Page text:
We performed regression analyses to assess associations of birthweight with cardiovascular disease and T2D in 237 631 individuals from the UK Biobank. Further, we assessed the causal relationship of such associations using Mendelian randomization.
In the observational analyses, birthweight showed inverse associations with systolic and diastolic blood pressure (β, -0.83 and -0.26; per raw unit in outcomes and SD change in birthweight; 95% confidence interval [CI], -0.90 to -0.75 and -0.31 to -0.22, respectively), T2D (odds ratio, 0.83; 95% CI, 0.79-0.87), lipid-lowering treatment (odds ratio, 0.84; 95% CI, 0.81-0.86), and coronary artery disease (hazard ratio, 0.85; 95% CI, 0.78-0.94), whereas the associations with adult body mass index and body fat (β, 0.04 and 0.02; per SD change in outcomes and birthweight; 95% CI, 0.03-0.04 and 0.01-0.02, respectively) were positive. The Mendelian randomization analyses indicated inverse causal associations of birthweight with low-density lipoprotein cholesterol, 2-hour glucose, coronary artery disease, and T2D and positive causal association with body mass index but no associations with blood pressure.
Our study indicates that lower birthweight, used as a proxy for intrauterine growth retardation, is causally related with increased susceptibility to coronary artery disease and T2D. This causal relationship is not mediated by adult obesity or hypertension.
Reference: Zanetti D, Tikkanen E, Gustafsson S, Priest JR, Burgess S, Ingelsson E. Birthweight, Type 2 Diabetes Mellitus, and Cardiovascular Disease: Addressing the Barker Hypothesis With Mendelian Randomization. Circ Genom Precis Med. 2018 Jun;11(6):e002054. doi: 10.1161/CIRCGEN.117.002054.
Associations of Fitness, Physical Activity, Strength, and Genetic Risk With Cardiovascular Disease: Longitudinal Analyses in the UK Biobank Study
Observational studies have shown inverse associations among fitness, physical activity, and cardiovascular disease. However, little is known about these associations in individuals with elevated genetic susceptibility for these diseases.
We estimated associations of grip strength, objective and subjective physical activity, and cardiorespiratory fitness with cardiovascular events and all-cause death in a large cohort of 502 635 individuals from the UK Biobank (median follow-up, 6.1 years; interquartile range, 5.4-6.8 years). Then we further examined these associations in individuals with different genetic burden by stratifying individuals based on their genetic risk scores for coronary heart disease and atrial fibrillation. We compared disease risk among individuals in different tertiles of fitness, physical activity, and genetic risk using lowest tertiles as reference.
Grip strength, physical activity, and cardiorespiratory fitness showed inverse associations with incident cardiovascular events (coronary heart disease: hazard ratio [HR], 0.79; 95% confidence interval [CI], 0.77-0.81; HR, 0.95; 95% CI, 0.93-0.97; and HR, 0.68; 95% CI, 0.63-0.74, per SD change, respectively; atrial fibrillation: HR, 0.75; 95% CI, 0.73-0.76; HR, 0.93; 95% CI, 0.91-0.95; and HR, 0.60; 95% CI, 0.56-0.65, per SD change, respectively). Higher grip strength and cardiorespiratory fitness were associated with lower risk of incident coronary heart disease and atrial fibrillation in each genetic risk score group (Ptrend <0.001 in each genetic risk category). In particular, high levels of cardiorespiratory fitness were associated with 49% lower risk for coronary heart disease (HR, 0.51; 95% CI, 0.38-0.69) and 60% lower risk for atrial fibrillation (HR, 0.40; 95%, CI 0.30-0.55) among individuals at high genetic risk for these diseases.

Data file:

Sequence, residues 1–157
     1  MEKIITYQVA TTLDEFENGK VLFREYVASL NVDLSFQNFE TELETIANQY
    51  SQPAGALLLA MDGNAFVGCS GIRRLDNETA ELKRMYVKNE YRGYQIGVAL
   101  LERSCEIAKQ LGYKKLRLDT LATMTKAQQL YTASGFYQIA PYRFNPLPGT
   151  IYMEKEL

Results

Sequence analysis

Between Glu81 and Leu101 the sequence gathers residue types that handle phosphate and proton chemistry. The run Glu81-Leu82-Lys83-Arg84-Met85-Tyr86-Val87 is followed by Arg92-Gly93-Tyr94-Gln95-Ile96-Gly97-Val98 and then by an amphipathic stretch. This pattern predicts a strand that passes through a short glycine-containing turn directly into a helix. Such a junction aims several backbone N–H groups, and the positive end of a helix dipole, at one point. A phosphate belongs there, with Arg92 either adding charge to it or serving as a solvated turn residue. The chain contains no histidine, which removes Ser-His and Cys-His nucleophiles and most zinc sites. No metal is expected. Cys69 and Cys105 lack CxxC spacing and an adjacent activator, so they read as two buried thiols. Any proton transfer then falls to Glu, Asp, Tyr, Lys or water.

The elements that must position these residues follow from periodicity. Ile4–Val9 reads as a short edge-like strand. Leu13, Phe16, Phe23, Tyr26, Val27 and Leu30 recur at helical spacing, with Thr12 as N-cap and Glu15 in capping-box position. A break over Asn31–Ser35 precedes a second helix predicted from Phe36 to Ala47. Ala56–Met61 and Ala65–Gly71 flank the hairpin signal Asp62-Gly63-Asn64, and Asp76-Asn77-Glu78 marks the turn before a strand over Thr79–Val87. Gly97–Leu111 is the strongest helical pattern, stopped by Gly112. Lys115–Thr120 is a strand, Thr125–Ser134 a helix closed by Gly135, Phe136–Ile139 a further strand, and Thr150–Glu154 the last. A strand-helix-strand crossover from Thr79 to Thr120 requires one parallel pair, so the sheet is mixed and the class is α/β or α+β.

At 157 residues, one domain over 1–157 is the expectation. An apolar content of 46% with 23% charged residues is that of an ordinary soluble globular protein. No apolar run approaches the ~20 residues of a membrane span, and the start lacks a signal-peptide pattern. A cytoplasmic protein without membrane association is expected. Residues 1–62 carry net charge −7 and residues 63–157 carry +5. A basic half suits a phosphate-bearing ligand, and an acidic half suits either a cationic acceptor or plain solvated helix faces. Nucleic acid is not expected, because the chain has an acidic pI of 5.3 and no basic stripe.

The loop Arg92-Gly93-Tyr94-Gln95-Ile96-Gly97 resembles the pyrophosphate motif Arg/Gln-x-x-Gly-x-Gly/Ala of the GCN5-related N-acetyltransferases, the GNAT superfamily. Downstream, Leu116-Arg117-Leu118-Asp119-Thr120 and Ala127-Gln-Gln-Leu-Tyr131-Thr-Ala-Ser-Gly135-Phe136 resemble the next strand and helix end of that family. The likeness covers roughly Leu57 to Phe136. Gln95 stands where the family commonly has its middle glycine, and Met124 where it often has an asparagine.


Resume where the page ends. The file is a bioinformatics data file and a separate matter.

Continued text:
Fitness and physical activity demonstrated inverse associations with incident cardiovascular disease in the general population, as well as in individuals with elevated genetic risk for these diseases.
Reference: Tikkanen E, Gustafsson S, Ingelsson E. Associations of Fitness, Physical Activity, Strength, and Genetic Risk With Cardiovascular Disease: Longitudinal Analyses in the UK Biobank Study. Circulation. 2018 Jun 12;137(24):2583-2591. doi: 10.1161/CIRCULATIONAHA.117.032432.
Epigenetic Patterns in Blood Associated With Lipid Traits Predict Incident Coronary Heart Disease Events and Are Enriched for Results From Genome-Wide Association Studies
Genome-wide association studies have identified loci influencing circulating lipid concentrations in humans; further information on novel contributing genes, pathways, and biology may be gained through studies of epigenetic modifications.
To identify epigenetic changes associated with lipid concentrations, we assayed genome-wide DNA methylation at cytosine-guanine dinucleotides (CpGs) in whole blood from 2306 individuals from 2 population-based cohorts, with replication of findings in 2025 additional individuals. We identified 193 CpGs associated with lipid levels in the discovery stage (P<1.08E-07) and replicated 33 (at Bonferroni-corrected P<0.05), including 25 novel CpGs not previously associated with lipids. Genes at lipid-associated CpGs were enriched in lipid and amino acid metabolism processes. A differentially methylated locus associated with triglycerides and high-density lipoprotein cholesterol (HDL-C; cg27243685; P=8.1E-26 and 9.3E-19) was associated with cis-expression of a reverse cholesterol transporter (ABCG1; P=7.2E-28) and incident cardiovascular disease events (hazard ratio per SD increment, 1.38; 95% confidence interval, 1.15-1.66; P=0.0007). We found significant cis-methylation quantitative trait loci at 64% of the 193 CpGs with an enrichment of signals from genome-wide association studies of lipid levels (PTC=0.004, PHDL-C=0.008 and Ptriglycerides=0.00003) and coronary heart disease (P=0.0007). For example, genome-wide significant variants associated with low-density lipoprotein cholesterol and coronary heart disease at APOB were cis-methylation quantitative trait loci for a low-density lipoprotein cholesterol-related differentially methylated locus.